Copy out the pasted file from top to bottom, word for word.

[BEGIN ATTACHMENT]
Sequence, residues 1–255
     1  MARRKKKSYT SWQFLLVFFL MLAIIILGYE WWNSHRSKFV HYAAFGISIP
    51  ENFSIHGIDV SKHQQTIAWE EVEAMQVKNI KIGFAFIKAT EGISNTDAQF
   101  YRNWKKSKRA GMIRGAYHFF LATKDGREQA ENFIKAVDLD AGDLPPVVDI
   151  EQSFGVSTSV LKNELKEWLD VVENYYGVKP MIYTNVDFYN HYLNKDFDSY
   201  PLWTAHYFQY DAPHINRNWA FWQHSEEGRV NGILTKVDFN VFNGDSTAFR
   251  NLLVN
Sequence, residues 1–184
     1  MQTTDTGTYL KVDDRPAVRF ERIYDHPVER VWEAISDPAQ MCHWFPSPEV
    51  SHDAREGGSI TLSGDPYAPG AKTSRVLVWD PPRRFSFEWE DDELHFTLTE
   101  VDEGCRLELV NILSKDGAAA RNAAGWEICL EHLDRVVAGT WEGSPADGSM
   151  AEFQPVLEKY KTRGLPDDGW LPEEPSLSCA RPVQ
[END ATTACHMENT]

Sequence, residues 1–255
     1  MARRKKKSYT SWQFLLVFFL MLAIIILGYE WWNSHRSKFV HYAAFGISIP
    51  ENFSIHGIDV SKHQQTIAWE EVEAMQVKNI KIGFAFIKAT EGISNTDAQF
   101  YRNWKKSKRA GMIRGAYHFF LATKDGREQA ENFIKAVDLD AGDLPPVVDI
   151  EQSFGVSTSV LKNELKEWLD VVENYYGVKP MIYTNVDFYN HYLNKDFDSY
   201  PLWTAHYFQY DAPHINRNWA FWQHSEEGRV NGILTKVDFN VFNGDSTAFR
   251  NLLVN
Sequence, residues 1–184
     1  MQTTDTGTYL KVDDRPAVRF ERIYDHPVER VWEAISDPAQ MCHWFPSPEV
    51  SHDAREGGSI TLSGDPYAPG AKTSRVLVWD PPRRFSFEWE DDELHFTLTE
   101  VDEGCRLELV NILSKDGAAA RNAAGWEICL EHLDRVVAGT WEGSPADGSM
   151  AEFQPVLEKY KTRGLPDDGW LPEEPSLSCA RPVQ